Public Education: An Overhaul Is Long Overdue

Why does TK-12 education in this country still look and feel the same as it did when I was a student in the 1970’s? Why have we not seen innovation as we have in so many other industries? Since entering and leading in public education more than two decades ago, I have deeply questioned the structure, funding, and delivery of public education and I believe for far too long, it has been failed by all of the adults in charge.


During the 21 years I have spent managing The Classical Academies, I have counted 16 superintendents that have come and gone through North County school districts. Add to that, the number of elected school board members from these districts that have also stepped up and then stepped away.  How can there be innovation and meaningful change in an environment of rapidly changing leadership? We have not seen the fundamental changes in public education to streamline, reimagine, and rethink how we deliver on the promise to educate every student.  Think about it. District offices up and down the state are employing thousands of people that have no direct connection to what is happening for students in the classroom. How does this structure allow for change and innovation?


Public education is underfunded in the amounts that are given per student and those needing special education services and support.  School budgets are also being heavily burdened by the unfunded liabilities of the state retirement programs for teachers and classified team members.  Add to that, rising salary and benefit costs, declining enrollment statewide, and the cost of living in the Golden State, you have a majority of public school districts in fiscal crisis year after year. Not only is more funding needed, but public education needs a complete makeover to ensure every dollar is directly impacting students.  Just getting more funding is not the answer. If the structure is not fundamentally changed, the new dollars coming will not have the substantial positive impact needed.


We need adults at the local, regional, and state level to align around the fundamental principle, “What is best for students?”  We have gone too long believing that change isn’t possible, it’s too hard, and a few cannot make a difference.  We have to embrace the fact that there are forces working against that change, which is why we need more changemakers stepping forward to help.  What has always been is not the answer for the betterment of public education.  What is possible has to be the road we travel forward. We owe it to this next generation to stand on the shoulders of who led before us and say, “We saw the problem and chose to press in to innovate, change, and put the past behind us.  Public education is the gateway to a better life.  Let’s give more students the ability to learn at their own pace, in a school structure that embraces their differences, and is funded at a rate that truly values their potential as learners and scholars.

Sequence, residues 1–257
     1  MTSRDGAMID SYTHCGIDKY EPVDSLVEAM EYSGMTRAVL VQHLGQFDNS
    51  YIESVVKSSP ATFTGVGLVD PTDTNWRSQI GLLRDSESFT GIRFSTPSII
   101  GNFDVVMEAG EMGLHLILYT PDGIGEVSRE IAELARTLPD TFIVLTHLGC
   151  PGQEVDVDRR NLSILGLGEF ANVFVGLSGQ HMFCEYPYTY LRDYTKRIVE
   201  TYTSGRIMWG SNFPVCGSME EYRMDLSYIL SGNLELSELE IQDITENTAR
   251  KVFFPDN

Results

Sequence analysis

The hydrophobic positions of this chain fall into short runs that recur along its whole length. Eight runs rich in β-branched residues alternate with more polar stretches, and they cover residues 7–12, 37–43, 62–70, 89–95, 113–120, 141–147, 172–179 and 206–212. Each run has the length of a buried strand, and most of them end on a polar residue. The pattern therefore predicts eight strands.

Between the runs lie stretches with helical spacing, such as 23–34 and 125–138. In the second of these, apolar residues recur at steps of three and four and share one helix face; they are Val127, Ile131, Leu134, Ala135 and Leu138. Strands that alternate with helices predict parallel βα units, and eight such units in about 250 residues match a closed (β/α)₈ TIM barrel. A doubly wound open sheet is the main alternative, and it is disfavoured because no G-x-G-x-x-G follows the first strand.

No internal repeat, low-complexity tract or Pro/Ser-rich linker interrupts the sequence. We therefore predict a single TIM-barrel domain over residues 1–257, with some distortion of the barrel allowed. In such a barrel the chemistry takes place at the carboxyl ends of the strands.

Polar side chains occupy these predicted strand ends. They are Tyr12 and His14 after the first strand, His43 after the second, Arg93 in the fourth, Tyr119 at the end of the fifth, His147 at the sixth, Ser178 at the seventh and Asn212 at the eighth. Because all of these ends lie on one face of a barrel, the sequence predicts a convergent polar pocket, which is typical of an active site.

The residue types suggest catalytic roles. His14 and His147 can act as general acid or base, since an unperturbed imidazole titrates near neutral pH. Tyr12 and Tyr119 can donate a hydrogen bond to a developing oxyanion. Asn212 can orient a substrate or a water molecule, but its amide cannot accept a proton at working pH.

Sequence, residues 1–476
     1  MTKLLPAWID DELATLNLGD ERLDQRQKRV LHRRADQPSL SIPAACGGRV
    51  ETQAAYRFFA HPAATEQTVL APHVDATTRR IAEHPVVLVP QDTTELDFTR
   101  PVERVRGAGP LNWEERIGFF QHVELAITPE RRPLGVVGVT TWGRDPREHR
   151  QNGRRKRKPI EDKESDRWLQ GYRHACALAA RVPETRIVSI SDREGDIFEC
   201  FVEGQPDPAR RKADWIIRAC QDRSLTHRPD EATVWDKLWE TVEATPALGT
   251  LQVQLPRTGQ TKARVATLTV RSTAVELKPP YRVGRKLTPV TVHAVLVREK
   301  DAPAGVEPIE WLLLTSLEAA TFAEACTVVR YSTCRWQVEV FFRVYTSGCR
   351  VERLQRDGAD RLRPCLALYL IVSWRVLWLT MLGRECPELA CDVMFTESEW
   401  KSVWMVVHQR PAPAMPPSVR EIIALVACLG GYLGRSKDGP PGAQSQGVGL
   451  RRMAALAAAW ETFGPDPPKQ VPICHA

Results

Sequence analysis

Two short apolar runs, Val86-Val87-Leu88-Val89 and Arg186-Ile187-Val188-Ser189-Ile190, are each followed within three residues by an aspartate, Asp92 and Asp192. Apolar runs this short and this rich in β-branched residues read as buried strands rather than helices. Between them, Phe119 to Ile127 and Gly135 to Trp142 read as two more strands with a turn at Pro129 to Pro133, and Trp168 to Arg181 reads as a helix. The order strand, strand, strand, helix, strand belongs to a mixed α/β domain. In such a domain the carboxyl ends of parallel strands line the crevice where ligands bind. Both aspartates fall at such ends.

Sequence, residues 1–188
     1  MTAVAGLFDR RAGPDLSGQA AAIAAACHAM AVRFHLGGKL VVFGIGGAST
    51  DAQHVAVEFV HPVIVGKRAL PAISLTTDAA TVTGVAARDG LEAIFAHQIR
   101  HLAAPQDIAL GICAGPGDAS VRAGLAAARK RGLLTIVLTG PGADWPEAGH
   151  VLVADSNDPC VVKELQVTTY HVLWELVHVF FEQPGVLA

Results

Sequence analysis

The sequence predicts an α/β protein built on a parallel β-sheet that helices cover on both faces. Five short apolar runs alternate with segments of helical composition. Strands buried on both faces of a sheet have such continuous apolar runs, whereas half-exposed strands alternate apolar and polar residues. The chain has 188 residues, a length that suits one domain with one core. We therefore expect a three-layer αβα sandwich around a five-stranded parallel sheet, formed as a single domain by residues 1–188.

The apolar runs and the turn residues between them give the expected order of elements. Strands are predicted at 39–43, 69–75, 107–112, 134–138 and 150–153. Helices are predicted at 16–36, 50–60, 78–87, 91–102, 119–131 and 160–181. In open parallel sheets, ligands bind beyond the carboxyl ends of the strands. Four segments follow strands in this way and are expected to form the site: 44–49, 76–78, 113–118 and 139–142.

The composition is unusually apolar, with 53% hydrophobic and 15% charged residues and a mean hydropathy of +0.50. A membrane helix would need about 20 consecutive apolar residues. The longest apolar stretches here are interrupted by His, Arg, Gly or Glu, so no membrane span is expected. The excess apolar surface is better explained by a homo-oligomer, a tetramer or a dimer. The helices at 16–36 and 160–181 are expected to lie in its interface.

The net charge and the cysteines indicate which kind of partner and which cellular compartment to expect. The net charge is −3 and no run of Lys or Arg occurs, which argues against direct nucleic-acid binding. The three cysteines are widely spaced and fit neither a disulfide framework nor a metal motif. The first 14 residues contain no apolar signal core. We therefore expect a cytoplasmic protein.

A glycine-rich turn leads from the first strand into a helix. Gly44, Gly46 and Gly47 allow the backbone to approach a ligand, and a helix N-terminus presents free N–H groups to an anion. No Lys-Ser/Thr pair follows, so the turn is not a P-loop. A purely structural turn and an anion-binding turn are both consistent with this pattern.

Our leadership at the Capitol in Sacramento has so much to learn about eliminating bureaucracy and the mandates that have a stronghold on public education. We need these people to also remember that more mandates, rules, and regulations do not translate into a student’s deeper thinking, higher test scores, or even better public schools.  If anything, they limit potential, hinder learning, and stifle innovation.   As we begin a new decade, may we see the real potential for public education, truly value its part in our society, and welcome new funding and opportunities as an outcome.  Every student deserves a great education and that will not happen without our collective advocacy, tenacity, and commitment.

Cameron Curry is the Chief Executive Officer for The Classical Academies, an organization of award-winning, tuition-free, public charter schools serving 4600+ students in grades TK-12 in North San Diego County. Curry also serves on the board of the California Charter Schools Association and serves as commissioner for the California Department of Education Advisory Commission for Charter Schools (ACCS). For more information about The Classical Academies, visit